Referring more specifically to the drawings the invention is illustrated in its preferred form as comprising a main tank T representing a source of supply, an attendants booth A serving as a combined sales and control station and a plurality of dispensers D D, D and D, preferably located remote from the attendants booth. For the purpose of this disclosure four dispensers have been illustrated but it is to be understood that a greater or less number may be employed. Each of the dispensers preferably includes an auxiliary transparent tank If supported above the level of the surrounding ground and a flexible pipe or hose 1 connected with the bottom of the auxiliary tank serves. to drain gasoline therefrom. Flow of gasoline through said 'hose may be controlled by a suitable valve 2 preferably embodied in a delivery nozzle 3 thereof.
, As shown in Figs. 1 and 2 a main supply conduit, designated generally as 4, is connected with the main tank and extends to the control station A. Auxiliary conduits 5, 6, 7 and 8, connect with the main conduit and extend to the dispensers D D D and B, respectively, the open ends of said conduits terminating in the auxiliary tanks t.
Valves 5, 6, 7 and 8 are embodied within the conduits 5, 6, 7, and 8 respectively, and are operable by an attendant within the control station. By suitable manipulation of said valves an attendant may cause gasoline to How from said main conduit selectively through any one of said auxiliary conduits for delivery into any one of said auxiliary tanks t or, at will, to discontinue said flow. A meter M, located within the control station and embodied in the main supply conduit, indicates to the attendant the amount of gasoline that has passed from said main conduit for transmission through the auxiliary conduit to the auxiliary tank. If desired, individual meters may be embodied in each of said auxiliary conduits. Also said meters may be of that type which, when once set in operation, will automatically deliver a predetermined quantity of liquid.
' Gasoline may be caused to flow from said main tank through said main conduit by any suitable means. In Fig. l and in Fig. 2, there is illustrated for that purpose a power driven pump P controlled by a suitable switch S located within the attendants booth. A relief line 9, controlled by a suitable relief valve 10, serves to limit the pressure insaid main conduit. A check valve 11 embodied in the conduit connecting the main tank with the pump serves to prevent reverse flow through said conduit. As also illustrated in Fig. 2, the required pressure may be maintained by having a main-tank T located at an elevation above said control station and said auxiliary tanks. A valve T may serve to shut off the flow from the tank T when gravity feed is not desired. The use of a manual pump within the control station to draw gasoline from the main tank and to force it into said remote auxiliary tanks is also contemplated.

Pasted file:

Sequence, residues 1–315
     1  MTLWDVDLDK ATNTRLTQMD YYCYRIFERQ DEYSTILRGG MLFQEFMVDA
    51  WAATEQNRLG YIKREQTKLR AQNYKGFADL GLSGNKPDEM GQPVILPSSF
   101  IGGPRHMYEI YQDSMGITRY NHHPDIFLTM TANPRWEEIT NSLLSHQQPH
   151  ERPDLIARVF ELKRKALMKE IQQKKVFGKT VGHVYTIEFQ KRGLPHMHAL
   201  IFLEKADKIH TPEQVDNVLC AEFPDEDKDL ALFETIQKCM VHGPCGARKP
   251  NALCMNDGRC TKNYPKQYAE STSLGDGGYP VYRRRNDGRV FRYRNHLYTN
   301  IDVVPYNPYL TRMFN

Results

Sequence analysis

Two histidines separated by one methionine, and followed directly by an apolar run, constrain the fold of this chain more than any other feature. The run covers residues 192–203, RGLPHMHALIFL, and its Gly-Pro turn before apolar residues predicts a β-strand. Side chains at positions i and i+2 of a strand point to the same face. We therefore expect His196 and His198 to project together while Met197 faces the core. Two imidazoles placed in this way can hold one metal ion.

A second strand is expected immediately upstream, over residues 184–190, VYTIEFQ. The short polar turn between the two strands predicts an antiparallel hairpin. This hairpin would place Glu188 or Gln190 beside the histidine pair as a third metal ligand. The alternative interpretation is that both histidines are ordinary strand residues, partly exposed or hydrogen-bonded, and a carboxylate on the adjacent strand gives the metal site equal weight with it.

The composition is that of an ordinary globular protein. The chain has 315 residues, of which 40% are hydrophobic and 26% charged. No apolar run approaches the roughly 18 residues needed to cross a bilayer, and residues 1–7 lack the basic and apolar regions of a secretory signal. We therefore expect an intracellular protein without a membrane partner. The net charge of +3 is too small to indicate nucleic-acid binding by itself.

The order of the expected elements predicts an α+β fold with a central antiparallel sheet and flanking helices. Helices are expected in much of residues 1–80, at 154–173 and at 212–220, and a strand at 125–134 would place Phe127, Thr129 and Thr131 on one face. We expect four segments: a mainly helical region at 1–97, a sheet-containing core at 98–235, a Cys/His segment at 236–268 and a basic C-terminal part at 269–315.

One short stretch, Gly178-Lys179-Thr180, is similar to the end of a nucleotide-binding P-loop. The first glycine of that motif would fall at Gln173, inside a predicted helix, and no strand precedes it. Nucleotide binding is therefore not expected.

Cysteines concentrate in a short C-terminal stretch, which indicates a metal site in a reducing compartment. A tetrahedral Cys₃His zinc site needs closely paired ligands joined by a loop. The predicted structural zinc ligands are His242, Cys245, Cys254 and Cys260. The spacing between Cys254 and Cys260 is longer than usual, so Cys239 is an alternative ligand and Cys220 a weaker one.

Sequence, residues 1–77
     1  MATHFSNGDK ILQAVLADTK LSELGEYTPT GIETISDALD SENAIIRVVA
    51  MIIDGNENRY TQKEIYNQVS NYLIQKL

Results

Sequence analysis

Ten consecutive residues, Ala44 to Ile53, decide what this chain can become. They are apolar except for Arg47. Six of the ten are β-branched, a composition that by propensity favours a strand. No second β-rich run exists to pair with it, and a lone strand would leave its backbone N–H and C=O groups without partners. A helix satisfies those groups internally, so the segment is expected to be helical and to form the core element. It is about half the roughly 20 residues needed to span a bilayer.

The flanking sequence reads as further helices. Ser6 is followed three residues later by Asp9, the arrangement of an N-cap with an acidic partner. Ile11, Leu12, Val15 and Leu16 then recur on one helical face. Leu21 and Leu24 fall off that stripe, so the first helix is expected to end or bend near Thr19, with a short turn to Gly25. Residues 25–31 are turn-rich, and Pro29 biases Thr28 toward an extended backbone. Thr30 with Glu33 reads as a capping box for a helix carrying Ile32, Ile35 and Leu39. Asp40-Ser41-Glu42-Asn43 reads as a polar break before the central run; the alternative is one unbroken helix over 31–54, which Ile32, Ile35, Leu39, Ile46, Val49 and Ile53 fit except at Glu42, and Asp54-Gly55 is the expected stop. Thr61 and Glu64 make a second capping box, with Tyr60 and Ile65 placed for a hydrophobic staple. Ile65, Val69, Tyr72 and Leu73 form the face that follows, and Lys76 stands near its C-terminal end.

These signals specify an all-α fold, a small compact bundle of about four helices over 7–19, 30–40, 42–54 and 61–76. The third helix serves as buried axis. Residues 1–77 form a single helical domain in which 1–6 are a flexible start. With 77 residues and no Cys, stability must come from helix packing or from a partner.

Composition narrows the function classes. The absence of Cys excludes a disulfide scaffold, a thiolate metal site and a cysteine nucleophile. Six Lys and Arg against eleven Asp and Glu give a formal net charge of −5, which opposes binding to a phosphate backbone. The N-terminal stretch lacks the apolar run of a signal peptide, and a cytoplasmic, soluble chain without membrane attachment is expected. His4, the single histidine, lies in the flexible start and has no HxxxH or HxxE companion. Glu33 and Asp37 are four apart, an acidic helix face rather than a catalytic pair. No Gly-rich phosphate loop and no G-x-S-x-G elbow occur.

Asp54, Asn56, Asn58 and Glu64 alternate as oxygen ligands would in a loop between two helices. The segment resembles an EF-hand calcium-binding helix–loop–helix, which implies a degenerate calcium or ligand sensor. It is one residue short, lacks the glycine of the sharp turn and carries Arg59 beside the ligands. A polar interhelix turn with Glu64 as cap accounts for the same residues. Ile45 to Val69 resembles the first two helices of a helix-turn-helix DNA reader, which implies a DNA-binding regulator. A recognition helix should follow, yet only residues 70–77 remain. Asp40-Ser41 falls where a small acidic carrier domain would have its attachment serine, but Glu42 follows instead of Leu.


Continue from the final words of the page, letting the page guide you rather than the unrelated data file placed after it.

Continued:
The main tank will preferably be provided with the'usual filler opening 12 and vent 13. An air vent 14 may also be provided in each -of the auxiliary tanks to permit the escape of air therefrom as the gasoline rises therein. Each auxiliary tank may also be provided with suitable graduations to indicate to the purchaser the amount of gasoline placed therein by the attendant.
The attendants booth or control station is provided with a suitable window w throu h which the attendant may observe all of t e dispensers and also make sales and collect from the customers.
In Fig. 4 there is illustrated a modified construction. This construction differs from that hereinbefore described in that it eliminates the main pressure conduit, each of the auxiliary conduits 5', 6', 7' and 8, corresponding to'the conduits 5, 6, 7 and 8, being connected directly with the main supply tank T.
To measure and control the amount of gasoline passed from the main tank to the dispensers the conduits 5, 6', 7 and 8' are each provided with a meter m and a control valve 4: located within the control station.
It is to be understood that the term meter as used throughout this specification, is not limited to the type of meter illustrated but is intended to include every suitable form of measuring device which the attendant may use to deliverto the customer the quantity of liquid purchased.
Without further analysis, the foregoing will so fully reveal the gist of this invention that others can, by applying current knowledge, readily adapt it for various utilizations by retaining one or more of the features that, from the standpoint of the prior art, fairly constitute essential characteristics of either the generic or specific aspects of this invention and, therefore, such adaptations should be, and are intended to be, comprehended within the meaning and range of equivalency of the following claims Having thus revealed this invention; I claim as new and desire to secure the fol lowing combinations and elements, or equivalents thereof, by Letters Patent of United States V .1. A system of distributing predetermined amounts of liquid from a source of supply to a plurality of dispensers, comprising a main supply tank; a plurality of auxiliary delivery tanks, one located at each of said dispensers; a control station; a pressure line extending from saidmain tank to said control station; a delivery conduit connecting said pressure line with each of said auxiliary tanks; a meter embodied in said pressure line and adapted to indicate to an attendant each of said tanks to said control station;